East Bay Municipal Utility District Works to Improve Forest Health

By on December 16, 2019

The East Bay Municipal Utility District (EBMUD) and Sierra Foothill agencies have joined forces to combat the threat of wildfires in and around Mokelumne River Watershed dense overgrown forest, which is where the East Bay Municipal Utility District (EBMUD)’s primary source of water comes from. The project aims to improve resilience to wildfires, protect water quality and water supplies for the East Bay area.

Fall 2019 saw 4,000 acres of forest having been treated or under contract for completion. Since the completed construction of Pardee Dam and the aqueduct system, the Mokelumne River and its watershed have been the source of EBMUD’s high-quality water since 1929.

Fall 2020  will see the third year that the Upper Mokelumne River Watershed Authority (UMRWA) will undertake its forest management work to improve forest health north of Highway 4 between Cottage Springs and Bear Valley.

Wildfires in the Mokelumne watershed would significantly impact the quality and reliability of EBMUD’s supply. Forest thinning, meadow restoration and related projects reduce that threat. Some of the related projects include maintaining the snowpack longer into the summer season improves the water supply downstream. Having crews restore meadows to improve water quantity and quality, creating space between healthy, mature trees to reduce the spread of fires, enhances water saturation into soils, and slows the evaporation of winter snowpack.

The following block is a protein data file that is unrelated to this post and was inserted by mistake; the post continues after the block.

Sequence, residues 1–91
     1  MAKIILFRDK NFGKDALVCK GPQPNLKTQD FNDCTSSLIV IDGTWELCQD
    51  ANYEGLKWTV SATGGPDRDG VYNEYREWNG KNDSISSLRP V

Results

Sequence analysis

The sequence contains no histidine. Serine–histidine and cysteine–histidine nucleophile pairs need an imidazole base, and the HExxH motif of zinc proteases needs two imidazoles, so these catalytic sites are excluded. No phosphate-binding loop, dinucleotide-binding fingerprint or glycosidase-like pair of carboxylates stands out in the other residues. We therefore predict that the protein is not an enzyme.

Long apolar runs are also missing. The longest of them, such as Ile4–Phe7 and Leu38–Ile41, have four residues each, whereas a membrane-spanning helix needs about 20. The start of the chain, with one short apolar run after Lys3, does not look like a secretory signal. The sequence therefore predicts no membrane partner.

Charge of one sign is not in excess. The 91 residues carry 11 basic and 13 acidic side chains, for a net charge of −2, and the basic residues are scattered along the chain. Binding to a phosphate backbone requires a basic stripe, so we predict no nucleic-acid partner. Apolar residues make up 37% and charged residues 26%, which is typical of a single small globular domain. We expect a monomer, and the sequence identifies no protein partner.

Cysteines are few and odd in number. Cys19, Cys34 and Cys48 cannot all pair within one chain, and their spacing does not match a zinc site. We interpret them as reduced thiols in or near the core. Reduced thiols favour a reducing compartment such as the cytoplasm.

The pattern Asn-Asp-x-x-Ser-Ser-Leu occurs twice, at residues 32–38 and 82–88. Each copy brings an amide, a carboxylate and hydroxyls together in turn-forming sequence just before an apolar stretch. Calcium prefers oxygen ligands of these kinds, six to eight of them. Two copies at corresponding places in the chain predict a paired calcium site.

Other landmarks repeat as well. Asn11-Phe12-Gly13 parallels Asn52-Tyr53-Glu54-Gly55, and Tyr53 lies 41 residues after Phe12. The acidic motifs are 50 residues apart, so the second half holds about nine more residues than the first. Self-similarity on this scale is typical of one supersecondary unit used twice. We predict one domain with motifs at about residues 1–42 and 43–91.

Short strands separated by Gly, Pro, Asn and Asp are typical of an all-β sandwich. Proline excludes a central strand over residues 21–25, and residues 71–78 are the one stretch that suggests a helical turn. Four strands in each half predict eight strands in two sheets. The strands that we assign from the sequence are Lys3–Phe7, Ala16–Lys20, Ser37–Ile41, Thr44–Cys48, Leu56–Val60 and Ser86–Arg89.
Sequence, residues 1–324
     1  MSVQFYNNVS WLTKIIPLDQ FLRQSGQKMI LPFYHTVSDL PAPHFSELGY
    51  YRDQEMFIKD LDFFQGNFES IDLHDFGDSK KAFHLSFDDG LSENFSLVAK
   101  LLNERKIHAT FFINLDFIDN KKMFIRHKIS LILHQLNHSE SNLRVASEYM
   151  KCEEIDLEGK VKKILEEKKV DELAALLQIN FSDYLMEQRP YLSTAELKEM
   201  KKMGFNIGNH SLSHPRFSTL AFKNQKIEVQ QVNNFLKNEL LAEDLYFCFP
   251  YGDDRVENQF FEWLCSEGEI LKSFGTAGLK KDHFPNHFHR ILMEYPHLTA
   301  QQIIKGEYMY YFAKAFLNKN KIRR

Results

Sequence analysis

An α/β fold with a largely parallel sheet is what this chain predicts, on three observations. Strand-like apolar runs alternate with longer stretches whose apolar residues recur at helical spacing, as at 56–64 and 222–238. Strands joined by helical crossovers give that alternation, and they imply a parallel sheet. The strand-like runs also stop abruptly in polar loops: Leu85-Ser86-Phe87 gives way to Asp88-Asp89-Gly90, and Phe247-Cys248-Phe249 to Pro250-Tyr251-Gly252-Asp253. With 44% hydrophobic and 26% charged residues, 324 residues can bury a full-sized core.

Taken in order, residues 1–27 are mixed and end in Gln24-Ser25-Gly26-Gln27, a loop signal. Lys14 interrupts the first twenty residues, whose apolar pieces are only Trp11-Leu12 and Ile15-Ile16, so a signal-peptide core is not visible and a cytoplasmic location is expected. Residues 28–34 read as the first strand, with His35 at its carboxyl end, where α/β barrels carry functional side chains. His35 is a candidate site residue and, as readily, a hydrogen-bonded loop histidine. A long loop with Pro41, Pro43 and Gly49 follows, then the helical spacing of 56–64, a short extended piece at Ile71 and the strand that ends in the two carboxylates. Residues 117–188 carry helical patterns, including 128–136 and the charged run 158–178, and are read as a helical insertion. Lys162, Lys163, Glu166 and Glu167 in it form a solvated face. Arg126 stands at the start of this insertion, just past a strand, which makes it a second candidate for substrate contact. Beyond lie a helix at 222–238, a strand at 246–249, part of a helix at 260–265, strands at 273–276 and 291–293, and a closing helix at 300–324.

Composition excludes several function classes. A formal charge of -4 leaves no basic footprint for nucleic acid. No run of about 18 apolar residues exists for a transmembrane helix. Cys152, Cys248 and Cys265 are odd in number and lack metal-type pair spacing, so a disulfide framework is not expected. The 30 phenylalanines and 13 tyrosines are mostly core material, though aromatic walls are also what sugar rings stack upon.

All of these great projects are made possible through grants from the U.S. Forest Service (USFS) and other partners. Grant funding was provided by the Sierra Nevada Conservancy, an agency created by the State of California, under the Water Quality, Supply, and Infrastructure Improvement Act of 2014 (Proposition 1) and the California Drought, Water, Parks, Climate, Coastal Protection, and Outdoor Access For All Act of 2018 (Proposition 68) grant cycles and in support of the Sierra Nevada Watershed Improvement Program.